I think we can all agree that the recent months have taught us a lot about ourselves and about the kind of world we live in. Being restricted to our homes has been difficult for us, but I'm sure I'm not alone in feeling profoundly grateful every single day for having a home to be confined to. It's taught us just how much our children get out of spending time with us. It's taught us that none of us is immune to giving our children the finger when their backs are turned - wait, that's just me?
It's taught me that Himself and I can weather pretty much anything, even each other, all day, every day, 24-7. It's also taught me that the thing that will finally tip me over the edge with him will likely be his staunch, almost-impressive commitment to never, ever, ever, ever steeping anything. Pandemic lockdown has also, presumably much to our employers' chagrin, taught us that many, many jobs can be carried out in the cosy comfort of our own homes.
As a freelance writer, my employer is me, mostly, so obviously I've always supported a working-from-home situation, but for those who usually commute, the possibility of working from home has been a revelation. "How will they ever make us go back there?" Himself wondered as he signed off from a video-call meeting he had just attended in a button-down shirt and boxers, with a little woolly blanket draped over his knees.
Even as a barely professional myself, I too have attended meetings online where the attire became noticeably more casual as the weeks went on, until one day I spotted someone in a Zoom meeting who was fully in bed, while discussing marketing strategy.
Don't get me wrong, I fully support this work-from-bed vibe. I frequently write this column en bed - unlike Linda Evangelista, who famously wouldn't get out of bed for less than 10K, I'll stay in bed for any old paltry sum.
Now, I've heard some disturbing reports of workers taking the Zoom meetings from en bed to en suite; apparently running-water sounds have been a giveaway. While I do not condone this, I think the almost universal understanding with which these mishaps have been met, speaks to a disturbing truth about where lots of people had been conducting phonecalls prior to the pandemic.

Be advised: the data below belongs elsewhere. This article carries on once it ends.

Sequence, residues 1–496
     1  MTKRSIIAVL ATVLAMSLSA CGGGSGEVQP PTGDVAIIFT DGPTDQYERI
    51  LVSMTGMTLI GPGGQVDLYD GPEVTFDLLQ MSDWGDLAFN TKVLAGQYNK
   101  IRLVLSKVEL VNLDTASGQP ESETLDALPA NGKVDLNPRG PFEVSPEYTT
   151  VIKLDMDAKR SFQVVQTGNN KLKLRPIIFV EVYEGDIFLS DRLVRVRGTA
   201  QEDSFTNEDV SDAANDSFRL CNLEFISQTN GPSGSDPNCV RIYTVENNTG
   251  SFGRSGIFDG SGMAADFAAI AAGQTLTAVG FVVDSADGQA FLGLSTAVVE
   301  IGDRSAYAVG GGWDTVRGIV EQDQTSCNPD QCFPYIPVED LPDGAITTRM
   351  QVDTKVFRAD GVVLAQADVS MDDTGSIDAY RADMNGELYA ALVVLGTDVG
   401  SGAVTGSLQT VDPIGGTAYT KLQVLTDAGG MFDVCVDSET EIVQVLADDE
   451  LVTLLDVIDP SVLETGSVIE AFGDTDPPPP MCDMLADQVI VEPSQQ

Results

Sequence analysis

Another more appetising lesson learned in lockdown was masterminding this brilliant home-made riff on a doner kebab. While we've been enthusiastic supporters of our local takeaway, the nearest decent kebab is over 2.5k away, so for the moment, I'm making my own and, frankly, I may never go back.
You will need:
600g beef mince or lamb mince
1 teaspoon garlic powder
1 teaspoon onion salt
1 teaspoon ground oregano
1 tablespoon ground cumin
1 teaspoon ground paprika
½ teaspoon chilli powder
2 carrots, grated
2 beetroots, grated
20 leaves of fresh mint
3 tablespoons yoghurt
1 clove garlic
Juice of 1 lemon
4 large pittas or wraps
4 tablespoons harissa
1 Preheat the oven to 180°C, 395°F, Gas 6. In a food processor, blend the beef mince or the lamb mince, whichever you’re using, the garlic powder, the onion salt, the oregano, the cumin, the paprika and the chilli powder until smooth. Press the mixture into a loaf tin, cover it with foil and cook it in the preheated oven for about 45 minutes. When it is cooked, reserve the meat juices. Allow the loaf to cool, then slice it thinly. Place the meat slices in a bowl and pour the reserved meat juices on top.
2 Next, prep the toppings. In a bowl, toss the grated carrots and the grated beetroots with the fresh mint leaves. In another bowl, combine the yoghurt, the garlic and the lemon juice. Toast the pittas or the wraps, whichever you’re using. When you’re ready to eat, fry the meat slices in a non-stick pan until they are hot and crispy. Spread the pittas or wraps, whichever you’re using, with the harissa, fill with the grated veg and mint, and the fried meat slices and drizzle over the lemon and garlic yoghurt.
Sunday Indo Life Magazine